"""Computes the accuracy over the k top predictions for the specified values of k"""
with torch.no_grad():
maxk = max(topk)
batch_size = target.size(0)

_, pred = output.topk(maxk, 1, True, True)
pred = pred.t()
correct = pred.eq(target.view(1, -1).expand_as(pred))

res = []
for k in topk:
correct_k = correct[:k].reshape(-1).float().sum(0, keepdim=True)
res.append(correct_k.mul_(100.0 / batch_size))
return res


def validate(val_loader, model, criterion, cuda_device):
batch_time = AverageMeter("Time", ":6.3f", Summary.NONE)
losses = AverageMeter("Loss", ":.4e", Summary.NONE)
top1 = AverageMeter("Acc@1", ":6.2f", Summary.AVERAGE)
top5 = AverageMeter("Acc@5", ":6.2f", Summary.AVERAGE)
progress = ProgressMeter(len(val_loader), [batch_time, losses, top1, top5],
prefix="Test: ")

# switch to evaluate mode
model.eval()

with torch.no_grad():
end = time.time()
for i, (images, target) in enumerate(val_loader):
if cuda_device is not None:
images = images.to(cuda_device, non_blocking=True)
if torch.cuda.is_available():
target = target.to(cuda_device, non_blocking=True)

# compute output
output = model(images)
loss = criterion(output, target)

# measure accuracy and record loss
acc1, acc5 = accuracy(output, target, topk=(1, 5))
losses.update(loss.item(), images.size(0))
top1.update(acc1[0], images.size(0))
top5.update(acc5[0], images.size(0))

# measure elapsed time
batch_time.update(time.time() - end)
end = time.time()

print_freq = 10
if i % print_freq == 0:
progress.display(i)

progress.display_summary()

return top1.avg


def evaluate_imagenet():

# Specify the GPU used for evaluation
cuda_device = torch.device("cuda:0")

batch_size = 4
num_workers = 4

imagenet_1k_dir = "imagenet_1k"
val_dir = os.path.join(imagenet_1k_dir, "val")

normalize = transforms.Normalize(mean=[0.485, 0.456, 0.406],
std=[0.229, 0.224, 0.225])

val_set = datasets.ImageFolder(
val_dir,
transforms.Compose([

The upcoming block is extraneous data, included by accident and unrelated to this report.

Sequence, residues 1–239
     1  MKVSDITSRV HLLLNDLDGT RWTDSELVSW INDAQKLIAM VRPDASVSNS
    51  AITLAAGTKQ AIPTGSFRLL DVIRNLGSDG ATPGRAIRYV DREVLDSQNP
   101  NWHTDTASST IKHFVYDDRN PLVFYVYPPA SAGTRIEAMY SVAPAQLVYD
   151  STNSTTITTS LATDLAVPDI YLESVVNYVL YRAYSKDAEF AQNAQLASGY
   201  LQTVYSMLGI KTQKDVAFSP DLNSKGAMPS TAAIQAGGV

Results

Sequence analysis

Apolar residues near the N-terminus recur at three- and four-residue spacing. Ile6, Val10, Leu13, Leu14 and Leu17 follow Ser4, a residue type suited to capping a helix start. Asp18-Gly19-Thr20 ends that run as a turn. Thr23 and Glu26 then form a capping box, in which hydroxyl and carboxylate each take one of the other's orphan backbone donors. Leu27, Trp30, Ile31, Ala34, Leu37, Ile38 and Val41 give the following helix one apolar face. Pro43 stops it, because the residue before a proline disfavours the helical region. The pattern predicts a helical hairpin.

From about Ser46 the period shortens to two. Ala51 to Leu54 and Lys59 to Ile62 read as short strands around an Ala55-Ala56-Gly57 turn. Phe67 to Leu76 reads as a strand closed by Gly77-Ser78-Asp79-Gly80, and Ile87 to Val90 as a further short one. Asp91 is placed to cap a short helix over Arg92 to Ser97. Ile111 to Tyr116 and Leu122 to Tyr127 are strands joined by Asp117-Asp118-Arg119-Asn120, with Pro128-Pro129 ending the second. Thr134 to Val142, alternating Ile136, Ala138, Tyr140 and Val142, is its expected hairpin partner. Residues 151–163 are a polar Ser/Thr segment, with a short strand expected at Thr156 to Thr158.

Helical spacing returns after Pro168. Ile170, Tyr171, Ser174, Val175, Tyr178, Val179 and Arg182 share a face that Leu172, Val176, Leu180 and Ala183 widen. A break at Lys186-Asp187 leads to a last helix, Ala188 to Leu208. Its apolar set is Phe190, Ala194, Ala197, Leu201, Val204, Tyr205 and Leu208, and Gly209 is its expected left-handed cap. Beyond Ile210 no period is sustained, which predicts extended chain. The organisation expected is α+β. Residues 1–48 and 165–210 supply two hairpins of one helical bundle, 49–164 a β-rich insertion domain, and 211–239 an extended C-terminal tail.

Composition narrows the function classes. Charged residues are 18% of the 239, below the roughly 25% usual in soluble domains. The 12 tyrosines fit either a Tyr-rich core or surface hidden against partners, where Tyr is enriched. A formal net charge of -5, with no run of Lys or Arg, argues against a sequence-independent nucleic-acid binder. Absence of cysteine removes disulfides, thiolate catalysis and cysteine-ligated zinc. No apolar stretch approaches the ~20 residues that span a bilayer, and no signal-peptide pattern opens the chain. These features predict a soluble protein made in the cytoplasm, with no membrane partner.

transforms.Resize(256),
transforms.CenterCrop(224),
transforms.ToTensor(),
normalize,
]))

val_sampler = None

val_loader = torch.utils.data.DataLoader(val_set,
batch_size=batch_size,
shuffle=False,
num_workers=num_workers,
sampler=val_sampler,
pin_memory=True)

model = torchvision.models.resnet18(pretrained=True)
model = model.to(cuda_device)

model.eval()

criterion = nn.CrossEntropyLoss().cuda(cuda_device)

# evaluate on validation set
acc1 = validate(val_loader, model, criterion, cuda_device)


if __name__ == "__main__":

evaluate_imagenet()

Although the pre-trained ResNet-18 model was evaluated on a subset of the ImageNet evaluation dataset, the accuracy 69.300% is quite close to the accuracy 69.758% evaluated on the full ImageNet evaluation dataset, reported on the TorchVision models webpage.

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$ python single_gpu_evaluation.py 
Test: [ 0/250] Time 1.002 ( 1.002) Loss 7.6721e-01 (7.6721e-01) Acc@1 50.00 ( 50.00) Acc@5 100.00 (100.00)
Test: [ 10/250] Time 0.003 ( 0.094) Loss 2.6849e-01 (4.3245e-01) Acc@1 75.00 ( 88.64) Acc@5 100.00 ( 97.73)
Test: [ 20/250] Time 0.003 ( 0.051) Loss 6.7839e-01 (9.7392e-01) Acc@1 75.00 ( 73.81) Acc@5 100.00 ( 95.24)
Test: [ 30/250] Time 0.003 ( 0.036) Loss 9.0414e-01 (9.1842e-01) Acc@1 75.00 ( 76.61) Acc@5 100.00 ( 92.74)
Test: [ 40/250] Time 0.004 ( 0.028) Loss 3.0528e+00 (9.2618e-01) Acc@1 25.00 ( 75.61) Acc@5 100.00 ( 93.29)
Test: [ 50/250] Time 0.004 ( 0.024) Loss 1.0280e+00 (8.8351e-01) Acc@1 50.00 ( 75.00) Acc@5 100.00 ( 94.12)
Test: [ 60/250] Time 0.003 ( 0.020) Loss 1.4846e+00 (8.8949e-01) Acc@1 50.00 ( 75.00) Acc@5 100.00 ( 93.44)
Test: [ 70/250] Time 0.004 ( 0.018) Loss 4.3598e-01 (8.5601e-01) Acc@1 100.00 ( 76.06) Acc@5 100.00 ( 94.01)
Test: [ 80/250] Time 0.003 ( 0.016) Loss 1.4468e+00 (9.1462e-01) Acc@1 75.00 ( 75.62) Acc@5 100.00 ( 93.52)
Test: [ 90/250] Time 0.007 ( 0.016) Loss 1.9861e-02 (8.7991e-01) Acc@1 100.00 ( 76.37) Acc@5 100.00 ( 93.68)
Test: [100/250] Time 0.003 ( 0.015) Loss 2.7188e+00 (9.0537e-01) Acc@1 25.00 ( 75.50) Acc@5 50.00 ( 93.07)
Test: [110/250] Time 0.007 ( 0.014) Loss 1.4175e+00 (9.3323e-01) Acc@1 75.00 ( 75.23) Acc@5 75.00 ( 92.79)